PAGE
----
Published on March 25th, 2014 | by Tina Casey1
Kibbutz Recruits 100 Solar Panel Robots To Combat Desert Dust
March 25th, 2014 by Tina Casey
The humble chore of cleaning solar panels plays a key role in solar cell efficiency, especially in desert regions where frequent dust storms and lack of rain combine to reduce panel output by up to 35 percent. That same lack of rain also presents a huge challenge for cost-effective cleaning operations, but a company called Ecoppia has developed one solution: E4, a solar panel robot that requires almost no water to operate.
Kibbutz Ketura’s Ketura Sun solar park in Israel’s Negev desert is the site of the new Ecoppia operation, which according to the company is the first all-automatic, centrally controlled solar panel robot cleaning operation in the world.
Waterless (Almost) Solar Power Cleaning Technology From Ecoppia
Kibbutz Ketura was among the sites we visited on a recent technology tour of Israel hosted by the organization Kinetis, so we can tell you first hand that dust is a critical issue for a cost-effective solar power business model.
Aside from using as little water as possible, solar panel cleaning faces another challenge, which is to keep the panel surface from scratching.
Ecoppia’s E4 solution is a robotic device that deploys a soft microfiber combined with airflow, traveling on a platform that applies no pressure on the panel surface.
At Ketura Sun, the company’s fleet of almost 100 E4 robots can clean the entire solar park every night, which naturally leads to the question of how much power an automatic system like this will draw from a solar park, and whether that would require new storage facilities for night-time use.
The answer is zero and no because each E4 comes equipped with its own solar panel/battery system.
In addition to scavenging its own solar power, E4 also harvests kinetic energy through a proprietary regenerative braking system developed by Ecoppia, which it calls Eco-Hybrid. The system enables energy capture with every downward trip the E4 makes.
The all-automatic system solves a number of other solar panel cleaning problems that apply globally but are especially acute in the desert, as demonstrated by Ketura Sun.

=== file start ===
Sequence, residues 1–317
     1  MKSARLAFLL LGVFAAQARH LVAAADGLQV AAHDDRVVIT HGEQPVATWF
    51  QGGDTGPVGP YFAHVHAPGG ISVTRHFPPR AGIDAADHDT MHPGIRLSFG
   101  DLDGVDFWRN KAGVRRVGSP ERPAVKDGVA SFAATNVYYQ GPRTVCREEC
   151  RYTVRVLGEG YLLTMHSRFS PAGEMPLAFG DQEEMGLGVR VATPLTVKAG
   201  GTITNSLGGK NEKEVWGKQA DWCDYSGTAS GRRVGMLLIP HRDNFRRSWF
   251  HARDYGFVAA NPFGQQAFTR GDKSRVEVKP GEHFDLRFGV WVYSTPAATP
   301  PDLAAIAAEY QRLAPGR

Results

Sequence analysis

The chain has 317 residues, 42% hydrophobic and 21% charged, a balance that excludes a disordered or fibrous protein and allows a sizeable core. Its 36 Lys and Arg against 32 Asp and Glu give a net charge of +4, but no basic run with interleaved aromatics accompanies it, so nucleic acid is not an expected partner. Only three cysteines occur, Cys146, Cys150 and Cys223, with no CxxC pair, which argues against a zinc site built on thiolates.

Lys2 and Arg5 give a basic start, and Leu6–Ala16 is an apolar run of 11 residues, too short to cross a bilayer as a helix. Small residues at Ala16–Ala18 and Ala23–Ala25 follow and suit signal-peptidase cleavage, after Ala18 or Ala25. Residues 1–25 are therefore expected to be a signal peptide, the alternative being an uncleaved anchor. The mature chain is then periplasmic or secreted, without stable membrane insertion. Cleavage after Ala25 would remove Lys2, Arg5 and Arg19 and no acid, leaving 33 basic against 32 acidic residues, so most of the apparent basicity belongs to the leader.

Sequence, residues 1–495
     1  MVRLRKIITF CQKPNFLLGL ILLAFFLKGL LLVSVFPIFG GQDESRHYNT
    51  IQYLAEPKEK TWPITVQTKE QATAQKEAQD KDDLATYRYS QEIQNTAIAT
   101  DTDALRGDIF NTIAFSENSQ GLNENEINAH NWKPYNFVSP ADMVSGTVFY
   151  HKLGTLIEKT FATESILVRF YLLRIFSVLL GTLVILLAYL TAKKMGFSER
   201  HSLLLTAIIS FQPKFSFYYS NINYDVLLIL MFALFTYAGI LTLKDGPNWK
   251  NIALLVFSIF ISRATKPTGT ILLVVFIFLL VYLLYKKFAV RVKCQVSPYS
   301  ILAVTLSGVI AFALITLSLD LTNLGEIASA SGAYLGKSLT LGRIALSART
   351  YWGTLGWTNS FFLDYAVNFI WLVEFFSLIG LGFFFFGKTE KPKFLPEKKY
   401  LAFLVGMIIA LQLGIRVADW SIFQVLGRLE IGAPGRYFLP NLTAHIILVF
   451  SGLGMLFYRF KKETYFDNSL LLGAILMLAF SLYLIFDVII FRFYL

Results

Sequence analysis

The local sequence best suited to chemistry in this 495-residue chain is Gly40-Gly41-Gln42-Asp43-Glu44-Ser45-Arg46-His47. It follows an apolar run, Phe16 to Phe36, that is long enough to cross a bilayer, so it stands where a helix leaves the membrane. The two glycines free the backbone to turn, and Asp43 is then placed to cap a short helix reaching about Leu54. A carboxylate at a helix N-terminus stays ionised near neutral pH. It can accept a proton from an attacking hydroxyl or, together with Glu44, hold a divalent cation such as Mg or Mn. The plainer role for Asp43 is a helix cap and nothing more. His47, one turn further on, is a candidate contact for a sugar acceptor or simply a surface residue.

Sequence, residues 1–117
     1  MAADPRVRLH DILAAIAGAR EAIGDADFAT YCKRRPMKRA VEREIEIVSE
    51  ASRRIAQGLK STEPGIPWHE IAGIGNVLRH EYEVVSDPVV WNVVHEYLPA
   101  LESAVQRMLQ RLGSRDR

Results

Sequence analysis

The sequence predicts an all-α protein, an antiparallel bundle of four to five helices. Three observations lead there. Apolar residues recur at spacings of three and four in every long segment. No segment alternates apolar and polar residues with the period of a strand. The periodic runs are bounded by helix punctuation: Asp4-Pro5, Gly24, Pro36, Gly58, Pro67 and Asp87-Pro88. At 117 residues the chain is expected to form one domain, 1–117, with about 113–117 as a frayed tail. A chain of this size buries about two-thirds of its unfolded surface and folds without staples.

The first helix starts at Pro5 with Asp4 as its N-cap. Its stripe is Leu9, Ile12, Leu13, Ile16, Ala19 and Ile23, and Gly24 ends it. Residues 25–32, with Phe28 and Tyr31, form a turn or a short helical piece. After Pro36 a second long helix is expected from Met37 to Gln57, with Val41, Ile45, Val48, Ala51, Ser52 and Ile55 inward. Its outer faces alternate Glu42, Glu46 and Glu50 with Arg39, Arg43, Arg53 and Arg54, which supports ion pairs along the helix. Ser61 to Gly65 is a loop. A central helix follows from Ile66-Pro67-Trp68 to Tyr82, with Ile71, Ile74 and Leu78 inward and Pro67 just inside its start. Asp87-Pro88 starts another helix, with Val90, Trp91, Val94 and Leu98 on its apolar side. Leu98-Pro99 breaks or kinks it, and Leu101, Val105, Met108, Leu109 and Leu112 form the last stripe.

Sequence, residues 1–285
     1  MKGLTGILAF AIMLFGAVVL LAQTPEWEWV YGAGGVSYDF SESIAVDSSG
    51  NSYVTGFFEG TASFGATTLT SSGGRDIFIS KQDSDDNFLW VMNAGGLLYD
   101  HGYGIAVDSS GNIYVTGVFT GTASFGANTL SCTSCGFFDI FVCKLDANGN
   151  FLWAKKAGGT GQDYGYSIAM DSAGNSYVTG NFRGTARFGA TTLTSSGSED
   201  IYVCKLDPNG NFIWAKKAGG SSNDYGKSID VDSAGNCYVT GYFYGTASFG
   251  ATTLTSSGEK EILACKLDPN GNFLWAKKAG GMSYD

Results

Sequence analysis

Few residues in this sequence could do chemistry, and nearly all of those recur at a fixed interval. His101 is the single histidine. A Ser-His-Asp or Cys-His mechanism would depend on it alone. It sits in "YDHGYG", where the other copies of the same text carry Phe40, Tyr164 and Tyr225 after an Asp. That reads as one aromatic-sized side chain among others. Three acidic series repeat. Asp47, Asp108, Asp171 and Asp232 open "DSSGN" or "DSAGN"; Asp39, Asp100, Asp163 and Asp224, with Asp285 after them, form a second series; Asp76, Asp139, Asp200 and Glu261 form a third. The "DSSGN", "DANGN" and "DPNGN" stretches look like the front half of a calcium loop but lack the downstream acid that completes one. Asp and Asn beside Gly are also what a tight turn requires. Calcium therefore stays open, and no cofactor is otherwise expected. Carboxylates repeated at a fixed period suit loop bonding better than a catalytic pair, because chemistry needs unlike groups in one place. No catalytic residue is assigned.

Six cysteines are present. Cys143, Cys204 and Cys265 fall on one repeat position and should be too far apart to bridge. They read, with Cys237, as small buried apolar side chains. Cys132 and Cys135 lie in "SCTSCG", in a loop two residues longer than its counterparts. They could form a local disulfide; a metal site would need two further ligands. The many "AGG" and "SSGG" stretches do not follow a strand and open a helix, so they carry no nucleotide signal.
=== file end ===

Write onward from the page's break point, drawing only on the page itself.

In previous years, cleaning at Ketura Sun was conducted manually. Each cleaning cycle took five days and was limited to 10 times per year due to the expense of labor and water. The result was that efficiency degraded significantly between each cleaning cycle.
The use of manual labor also involves some measure of workplace hazards for personnel as well as the risk of damaging solar panels and related equipment.
In security-sensitive failities, there is also a benefit to reducing reliance on traveling crews to perform routine maintenance tasks.
E4 underwent a limited pilot test at Ketura Sun and the resulting increase in efficiency was significant enough to build up the complete force of almost 100 robots with a schedule of nightly cleanings.
Solar Panel Robot: It’s All Part Of The Plan For Global Domination
Ketura Sun was developed by the Israeli company Arava Power (of which Siemens owns a 40 percent stake btw) in 2006, as the first commercial solar park in the Middle East. It’s part of a broad solar power plan for the Arava region of the Negev Desert, designed to accomplish two main goals.
One is goal is regional. The tourist city Eilat routinely relies heavily on diesel generators that were initially intended only for emergency backup. With a network of solar parks, planners expect to eliminate those generators within a few years. Arava Power alone already has seven solar parks producing or in development in the Negev with a total capacity of 80 MW.
The other goal has to do with competition in the global energy market, in the context of climate change, population growth, and increasing demand for energy in developing economies.
Clean tech companies like Arava Power are racing to develop clean energy solutions for developing economies before they get hooked on more diesel-generated electricity.
Although diesel-generated electricity is not that big of an issue in the U.S., globally it already accounts for about nine percent of electricity production, while aging, inadequate central power plants and grids in some countries are leading to increased demand for inexpensive diesel generators.
The kibbutz-based solar parks we toured demonstrated several different solar power concepts including concentrating solar power, all with an eye toward marketing the technology globally.
That export-awareness includes maintenance solutions. With world water resources already straining to the breaking point, a competitive solar power model necessarily includes a conservation-oriented cleaning regimen, especially when targeted to arid regions.
So, although Ecoppia’s 100-strong force of E4 solar panel robots at Ketura may be a world first, it is most likely far from the last.
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